Splash injury, death on China’s Splash; Chopped All-Stars spoiled; NeNe’s spin-off; on board the Top Chef cruise; celebrity bowling

  • An 18-year-old connected to a celebrity on China’s version of Splash drowned in a pool during training. On the ABC version, Nicole Eggert was injured and hospitalized during training on Thursday, but is apparently okay.
  • NeNe Leakes is getting her own Bravo series; it’s called I Dream of NeNe: The Wedding and will follow preparation for her wedding.
  • In a related story, Bridal reality shows create unrealistic expectations for people who are getting married. Of course, so does the wedding industry.
  • Chopped All-Stars airs its best episode tonight, with the show’s own judges competing, but the outcome has been spoiled by a promo for the series, which shows two of the chefs in the final round, including one of the judges.
  • AMC announced that it is producing a series called All-Star Celebrity Bowling, which should fit nicely with its brand and Mad Men and Breaking Bad. The network also plans Cancelled, on which “six households will be outfitted with cameras that will give them the chance to compete for ‘ratings’ that will determine which household has the most-watched reality show,” and Geek Out, which “takes the ultimate super-fan of a specific film, comic book, author, actor, athlete, musician, video game, or television series on an adventure that emotionally connects them to their obsession.”
  • The first Top Chef-themed cruise ended last week, and here’s a report and photos from the cruise, in which the writer notes that Tiffany Derry and Spike Mendelsohn were the most accessible contestants. The oddest detail: Top Chef Masters contestant and guest judge Hubert Keller acted as DJ every night.
  • Cake Boss star apologized Cousin Anthony apologized for his tweet blaming immigrant “animals” for the Boston marathon bombings. Earlier, he responded to criticism of his original tweet with thoughtful remarks such as, “typical liberal attitude.” Last summer, he apologized for calling a transgender woman “it.”
  • TV critic Terry Morrow died last week at age 52 of pancreatic cancer; his funeral was Friday. I met and knew him only through my twice-annual treks to L.A. for the Television Critics Association press tour, where he was always an incredibly joyful presence. His obituary in the Knoxville News-Sentinel, the paper he wrote for, reveals that he connected with many people, including his subjects, some of whom became friends. One of them, Johnny Knoxville, said that when they were filming MTV’s Jackass, Terry would “always say ‘And if you wanted to pull a prank on me, it wouldn’t be the worst thing that ever happened …’ We’d never tell him what we were going to do. We may have even stun-gunned him a time or two and there was a rat trap. … In ‘Jackass’ we’ll do anything to get the footage and Terry would do anything to get the story. So there was a sensibility that we shared. He was a good writer and a good friend.”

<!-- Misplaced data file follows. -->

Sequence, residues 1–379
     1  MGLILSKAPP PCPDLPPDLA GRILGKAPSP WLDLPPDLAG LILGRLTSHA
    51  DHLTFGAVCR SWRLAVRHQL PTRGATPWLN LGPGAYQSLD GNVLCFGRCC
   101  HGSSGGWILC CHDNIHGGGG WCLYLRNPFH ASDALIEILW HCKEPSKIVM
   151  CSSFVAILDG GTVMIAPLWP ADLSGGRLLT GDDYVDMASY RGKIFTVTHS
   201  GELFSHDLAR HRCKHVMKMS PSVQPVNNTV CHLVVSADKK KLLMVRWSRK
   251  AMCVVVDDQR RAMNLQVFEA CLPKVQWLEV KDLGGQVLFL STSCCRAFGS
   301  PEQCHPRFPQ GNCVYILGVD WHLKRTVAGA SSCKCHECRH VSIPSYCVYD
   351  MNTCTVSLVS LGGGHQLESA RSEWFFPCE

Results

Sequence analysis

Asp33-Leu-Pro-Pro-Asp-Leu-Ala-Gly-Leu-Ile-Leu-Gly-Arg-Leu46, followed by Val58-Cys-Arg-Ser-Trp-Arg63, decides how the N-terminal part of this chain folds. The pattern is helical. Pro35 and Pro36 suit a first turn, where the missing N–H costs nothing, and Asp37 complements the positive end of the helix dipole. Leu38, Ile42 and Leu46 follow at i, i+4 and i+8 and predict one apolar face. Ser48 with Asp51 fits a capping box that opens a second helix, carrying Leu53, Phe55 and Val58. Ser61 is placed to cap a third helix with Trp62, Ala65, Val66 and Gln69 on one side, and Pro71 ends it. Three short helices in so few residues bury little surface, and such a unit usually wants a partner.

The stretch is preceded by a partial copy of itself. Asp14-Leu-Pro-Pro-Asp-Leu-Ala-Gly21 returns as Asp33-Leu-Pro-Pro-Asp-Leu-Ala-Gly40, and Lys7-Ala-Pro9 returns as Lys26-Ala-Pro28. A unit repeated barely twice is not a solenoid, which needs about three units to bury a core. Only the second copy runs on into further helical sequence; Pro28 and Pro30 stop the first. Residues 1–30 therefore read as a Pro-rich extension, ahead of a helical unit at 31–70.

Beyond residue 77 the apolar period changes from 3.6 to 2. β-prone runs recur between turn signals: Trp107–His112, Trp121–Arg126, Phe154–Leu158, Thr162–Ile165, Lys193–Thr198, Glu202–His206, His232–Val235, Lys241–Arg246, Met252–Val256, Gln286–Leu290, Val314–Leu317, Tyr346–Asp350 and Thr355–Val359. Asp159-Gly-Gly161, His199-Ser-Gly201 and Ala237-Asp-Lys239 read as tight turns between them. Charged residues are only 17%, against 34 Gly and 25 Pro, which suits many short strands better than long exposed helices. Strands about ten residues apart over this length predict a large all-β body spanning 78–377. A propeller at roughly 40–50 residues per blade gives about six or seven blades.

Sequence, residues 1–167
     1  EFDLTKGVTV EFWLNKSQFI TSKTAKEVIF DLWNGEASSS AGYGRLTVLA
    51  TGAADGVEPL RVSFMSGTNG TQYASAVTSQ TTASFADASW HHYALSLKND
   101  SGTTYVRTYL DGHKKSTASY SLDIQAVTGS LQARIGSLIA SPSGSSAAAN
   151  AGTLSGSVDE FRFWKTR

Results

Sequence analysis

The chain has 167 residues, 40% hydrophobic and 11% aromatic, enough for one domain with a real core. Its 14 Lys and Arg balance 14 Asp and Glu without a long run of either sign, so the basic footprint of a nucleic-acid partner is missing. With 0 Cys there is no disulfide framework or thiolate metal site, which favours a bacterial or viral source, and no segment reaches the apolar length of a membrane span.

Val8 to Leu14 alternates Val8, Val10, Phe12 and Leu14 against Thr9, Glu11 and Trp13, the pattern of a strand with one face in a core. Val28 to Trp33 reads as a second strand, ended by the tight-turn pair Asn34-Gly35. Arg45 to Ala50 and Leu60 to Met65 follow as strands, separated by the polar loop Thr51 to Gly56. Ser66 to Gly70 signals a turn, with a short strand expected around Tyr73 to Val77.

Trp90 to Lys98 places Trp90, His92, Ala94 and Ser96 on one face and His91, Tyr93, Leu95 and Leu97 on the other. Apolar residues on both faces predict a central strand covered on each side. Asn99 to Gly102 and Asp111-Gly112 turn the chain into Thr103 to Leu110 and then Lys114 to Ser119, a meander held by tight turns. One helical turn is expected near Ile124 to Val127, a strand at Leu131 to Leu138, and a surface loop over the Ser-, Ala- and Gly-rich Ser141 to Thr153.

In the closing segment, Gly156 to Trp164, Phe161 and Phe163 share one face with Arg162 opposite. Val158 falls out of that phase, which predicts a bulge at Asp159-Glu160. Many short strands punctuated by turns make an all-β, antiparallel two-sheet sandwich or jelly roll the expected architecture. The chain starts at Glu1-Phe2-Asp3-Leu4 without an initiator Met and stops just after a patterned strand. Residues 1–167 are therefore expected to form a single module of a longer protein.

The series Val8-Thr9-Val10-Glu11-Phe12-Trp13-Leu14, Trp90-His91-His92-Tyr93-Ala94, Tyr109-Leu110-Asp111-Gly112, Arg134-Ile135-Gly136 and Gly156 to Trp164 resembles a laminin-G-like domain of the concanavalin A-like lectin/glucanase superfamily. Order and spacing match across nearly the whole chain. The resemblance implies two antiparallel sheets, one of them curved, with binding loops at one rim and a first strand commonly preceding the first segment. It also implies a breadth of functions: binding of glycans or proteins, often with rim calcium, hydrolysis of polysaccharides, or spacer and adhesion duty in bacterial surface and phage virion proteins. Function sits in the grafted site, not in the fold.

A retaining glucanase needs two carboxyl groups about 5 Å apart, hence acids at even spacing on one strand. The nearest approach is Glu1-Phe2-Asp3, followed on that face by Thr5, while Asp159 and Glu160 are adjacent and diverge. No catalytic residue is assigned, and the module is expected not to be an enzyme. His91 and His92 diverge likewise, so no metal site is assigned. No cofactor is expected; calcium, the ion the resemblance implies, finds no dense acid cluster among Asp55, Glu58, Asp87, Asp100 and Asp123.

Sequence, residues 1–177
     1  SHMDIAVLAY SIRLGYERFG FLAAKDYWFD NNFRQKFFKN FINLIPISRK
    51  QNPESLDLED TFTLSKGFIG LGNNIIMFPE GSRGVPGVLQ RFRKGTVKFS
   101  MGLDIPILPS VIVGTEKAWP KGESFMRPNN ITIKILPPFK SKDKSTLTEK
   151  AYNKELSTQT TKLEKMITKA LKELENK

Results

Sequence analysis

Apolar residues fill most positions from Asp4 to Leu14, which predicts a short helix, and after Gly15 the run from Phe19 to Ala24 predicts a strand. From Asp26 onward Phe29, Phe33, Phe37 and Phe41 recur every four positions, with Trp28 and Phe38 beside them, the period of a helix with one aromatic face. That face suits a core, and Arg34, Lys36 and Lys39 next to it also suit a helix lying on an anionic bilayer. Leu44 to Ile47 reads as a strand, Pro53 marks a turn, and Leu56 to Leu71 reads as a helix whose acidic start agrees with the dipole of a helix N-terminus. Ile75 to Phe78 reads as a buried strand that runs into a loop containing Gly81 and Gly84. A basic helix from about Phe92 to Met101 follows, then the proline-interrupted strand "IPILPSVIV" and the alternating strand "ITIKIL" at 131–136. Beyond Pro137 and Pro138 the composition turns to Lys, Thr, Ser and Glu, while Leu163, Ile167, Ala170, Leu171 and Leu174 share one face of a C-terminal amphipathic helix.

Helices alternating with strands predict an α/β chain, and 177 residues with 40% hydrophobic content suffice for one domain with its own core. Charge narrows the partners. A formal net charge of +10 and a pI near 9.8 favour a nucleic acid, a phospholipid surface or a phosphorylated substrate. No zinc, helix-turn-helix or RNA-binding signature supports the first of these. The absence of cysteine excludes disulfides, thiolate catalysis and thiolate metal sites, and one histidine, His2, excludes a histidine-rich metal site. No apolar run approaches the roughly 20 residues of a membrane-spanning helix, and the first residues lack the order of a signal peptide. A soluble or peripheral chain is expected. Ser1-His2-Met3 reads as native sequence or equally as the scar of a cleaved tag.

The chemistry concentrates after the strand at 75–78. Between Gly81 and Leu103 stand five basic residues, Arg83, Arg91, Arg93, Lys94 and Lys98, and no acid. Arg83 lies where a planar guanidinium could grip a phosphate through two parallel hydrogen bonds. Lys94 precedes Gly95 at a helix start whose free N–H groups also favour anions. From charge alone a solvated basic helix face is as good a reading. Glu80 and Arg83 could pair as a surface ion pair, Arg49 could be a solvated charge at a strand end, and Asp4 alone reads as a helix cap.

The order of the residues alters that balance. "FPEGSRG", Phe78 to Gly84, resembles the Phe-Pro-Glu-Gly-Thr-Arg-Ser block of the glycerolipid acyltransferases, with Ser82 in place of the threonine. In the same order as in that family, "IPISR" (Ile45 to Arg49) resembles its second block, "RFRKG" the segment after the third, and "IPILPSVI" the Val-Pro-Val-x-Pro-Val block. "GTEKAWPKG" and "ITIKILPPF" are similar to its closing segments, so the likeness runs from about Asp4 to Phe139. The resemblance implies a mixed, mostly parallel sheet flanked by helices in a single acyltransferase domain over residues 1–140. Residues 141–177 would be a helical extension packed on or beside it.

• American Idol producer 19 Entertainment is producing an a capella singing show that follows the International Championship of A Cappella.
  • Big Brother winner Ian Terry is back at Tulane taking classes, and the Times-Picayune reports that “his Tulane classmates have been pretty cool overall about having him back on campus.”
  • Randy Senna, the proprietor of Randyland who appeared on the episode of Hoarders I wrote about in Playboy, has self-published a book called So You Want to be on Reality TV: The Reality of Reality TV?.
  • Reality TV’s fascination with Alaska will continue as Discovery, TLC, and Animal Planet have announced plans for many new Alaska-set reality shows.
  • Kristin Cavallari said she will encourage her kid to not do reality TV.
  • I once suggested that the ratings-plagued and drama-filled Today Show needs its own reality series. We have the next-best thing: behind-the-scenes stories about the drama. Starting with the first scene in this story about Ann Curry’s departure from The Today Show, I was hooked; luckily, it’s an excerpt from a book by New York Times reporter Brian Stelter that’s out this week: Top of the Morning: Inside the Cutthroat World of Morning TV.
  • This also has nothing to do with reality TV but it is mesmerizing. What happens when you wring out a wet washcloth in space? The high school students who asked the question correctly predicted the amazing results. Also, this video made me want to go into space.
  • The Sing-Off loses its star

    Ben Folds

    NBC's super-fun December a capella singing competition The Sing-Off is returning, but without its star judge, Ben Folds, and only as a two-hour special. Those are really depressing changes for a series that proved itself to be a super-fun show when it returned last December.


    A film director talks about becoming a reality TV character

    Anna Martemucci

    What is it like to have your life turned into reality TV? Director Anna Martemucci, one of the two directors featured on Starz' exceptional reality series, talks about that, the competition, and her collaboration with her husband and brother-in-law.

    Plus: How the show's producers tried to keep the $250,000 competition fair.

    about the writer

    Andy Dehnart is a journalist who has covered reality television for more than 15 years and created reality blurred in 2000. A member of the Television Critics Association, his writing and criticism about television, culture, and media has appeared on NPR and in Playboy, Buzzfeed, and many other publications. Andy, 36, also directs the journalism program at Stetson University in Florida, where he teaches creative nonfiction and journalism. He has an M.F.A. in nonfiction writing and literature from Bennington College. More about reality blurred and Andy.